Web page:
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The Wall Street Journal this morning reports that Walmart will launch a three-city test this fall that will have its employees delivering groceries directly to shoppers’ kitchens and refrigerators.

The program, called Walmart InHome, starts this fall in Kansas City, Pittsburgh, and Vero Beach, Florida. Actual Walmart employees will be making the deliveries; the company says to be able to do deliveries, workers will have to have been employed by Walmart for at least a year.

According to the story, “The workers will wear body cameras clipped to their chests, allowing customers to watch live streams of deliveries being made while they aren’t home. Workers will enter residences equipped with smartlocks, internet-connect devices that can be controlled remotely to unlock a door.”

The Journal makes the point that this is yet another retailer attempt to deliver greater value on the last mile to the consumer. It actually leapfrogs, in some ways, a similar Amazon program: “Amazon offers a similar in-home delivery service for Prime members in 50 cities, called Key by Amazon. But drivers don’t deliver fresh groceries, and they leave items just inside a door, garage or the trunk of a car, not a refrigerator. Its Prime Now service also drops orders, including fresh groceries from Whole Foods, on doorsteps within hours.”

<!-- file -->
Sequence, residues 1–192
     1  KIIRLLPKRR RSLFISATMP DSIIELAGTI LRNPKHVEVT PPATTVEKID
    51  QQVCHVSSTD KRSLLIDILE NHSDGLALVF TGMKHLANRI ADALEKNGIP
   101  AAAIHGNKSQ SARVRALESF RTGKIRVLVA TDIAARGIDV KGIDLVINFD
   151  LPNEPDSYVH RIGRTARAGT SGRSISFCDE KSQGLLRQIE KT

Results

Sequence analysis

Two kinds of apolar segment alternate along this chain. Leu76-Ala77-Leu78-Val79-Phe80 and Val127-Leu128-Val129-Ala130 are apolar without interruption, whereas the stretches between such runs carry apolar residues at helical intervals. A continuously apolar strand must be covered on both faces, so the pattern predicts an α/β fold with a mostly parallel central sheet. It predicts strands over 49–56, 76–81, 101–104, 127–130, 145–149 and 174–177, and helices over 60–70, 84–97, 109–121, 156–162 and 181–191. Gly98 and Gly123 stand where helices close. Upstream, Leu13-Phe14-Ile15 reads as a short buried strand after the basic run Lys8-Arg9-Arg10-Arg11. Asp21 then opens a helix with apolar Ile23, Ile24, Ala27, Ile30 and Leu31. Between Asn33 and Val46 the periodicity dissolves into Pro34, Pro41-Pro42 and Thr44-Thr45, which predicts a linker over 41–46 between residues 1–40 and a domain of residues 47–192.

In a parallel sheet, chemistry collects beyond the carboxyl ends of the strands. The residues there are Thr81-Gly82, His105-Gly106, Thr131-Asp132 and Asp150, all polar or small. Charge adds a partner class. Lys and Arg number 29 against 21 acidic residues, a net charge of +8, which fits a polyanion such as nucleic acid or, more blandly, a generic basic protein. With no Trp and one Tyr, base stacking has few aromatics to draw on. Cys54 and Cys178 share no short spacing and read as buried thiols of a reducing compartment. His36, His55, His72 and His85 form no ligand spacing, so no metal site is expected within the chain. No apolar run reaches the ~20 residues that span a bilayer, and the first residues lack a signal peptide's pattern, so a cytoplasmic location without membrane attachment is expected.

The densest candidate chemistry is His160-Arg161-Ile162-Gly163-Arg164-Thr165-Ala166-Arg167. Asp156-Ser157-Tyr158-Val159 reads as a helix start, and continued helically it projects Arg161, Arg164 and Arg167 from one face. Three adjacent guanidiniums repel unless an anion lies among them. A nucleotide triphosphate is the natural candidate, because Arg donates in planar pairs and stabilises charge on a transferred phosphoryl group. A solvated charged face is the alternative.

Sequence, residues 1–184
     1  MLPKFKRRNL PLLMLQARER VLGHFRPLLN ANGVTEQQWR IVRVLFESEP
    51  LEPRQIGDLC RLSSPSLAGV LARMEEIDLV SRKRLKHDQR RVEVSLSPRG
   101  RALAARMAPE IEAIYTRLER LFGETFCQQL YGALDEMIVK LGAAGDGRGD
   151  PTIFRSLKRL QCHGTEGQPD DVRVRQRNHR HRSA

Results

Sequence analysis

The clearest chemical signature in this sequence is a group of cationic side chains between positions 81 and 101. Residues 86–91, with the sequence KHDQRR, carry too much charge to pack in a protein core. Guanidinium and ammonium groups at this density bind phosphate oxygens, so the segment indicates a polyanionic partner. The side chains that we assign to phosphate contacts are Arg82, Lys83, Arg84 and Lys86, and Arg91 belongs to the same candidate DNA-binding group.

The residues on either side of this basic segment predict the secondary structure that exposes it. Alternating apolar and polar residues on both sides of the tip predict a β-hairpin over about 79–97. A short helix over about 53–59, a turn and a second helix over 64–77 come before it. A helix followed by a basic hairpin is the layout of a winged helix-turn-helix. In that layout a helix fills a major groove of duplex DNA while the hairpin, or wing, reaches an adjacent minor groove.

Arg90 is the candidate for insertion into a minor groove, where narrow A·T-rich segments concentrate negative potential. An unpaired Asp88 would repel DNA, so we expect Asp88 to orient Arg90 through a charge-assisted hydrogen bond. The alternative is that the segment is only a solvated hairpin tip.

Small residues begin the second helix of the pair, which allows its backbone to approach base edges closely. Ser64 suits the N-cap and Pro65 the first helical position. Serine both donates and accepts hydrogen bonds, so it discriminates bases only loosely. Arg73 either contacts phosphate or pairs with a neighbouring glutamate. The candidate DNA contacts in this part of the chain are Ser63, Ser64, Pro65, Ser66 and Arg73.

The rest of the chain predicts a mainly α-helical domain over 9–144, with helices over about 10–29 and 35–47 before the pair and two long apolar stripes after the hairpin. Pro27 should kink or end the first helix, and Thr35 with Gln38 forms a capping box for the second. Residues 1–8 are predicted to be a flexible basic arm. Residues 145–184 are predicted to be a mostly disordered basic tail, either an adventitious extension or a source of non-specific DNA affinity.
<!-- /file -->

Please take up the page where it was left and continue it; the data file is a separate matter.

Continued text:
This isn’t Walmart’s only delivery initiative; it also works, in other markets with Instacart and Door Dash, and also has click-and-collect services available in a fast-expanding number of markets.
KC's View:
This isn’t a new concept. A number of companies, over the years, have been playing with the idea. It was a long time ago, I think, that there were companies installing appliances in garages that would give delivery people access from the outside without actually allowing them in the house; the resident could then access the groceries - fresh, chilled, frozen - from inside the garage.

That ended up being cumbersome, and then smart home technology evolved to the point where retailers/delivery people now can actually go into the house, though I do think that it is going to take some time for this to gain broad acceptance. It strikes me as inevitable, though a little problematic in the short term.

One thing that is important here is that Walmart is taking ownership - if people are going to go into customers’ homes, they have to be Walmart’s people, not people working for some outsourcing company.

The battle over the “last mile,” it seems, is becoming a battle for the last few feet or yards.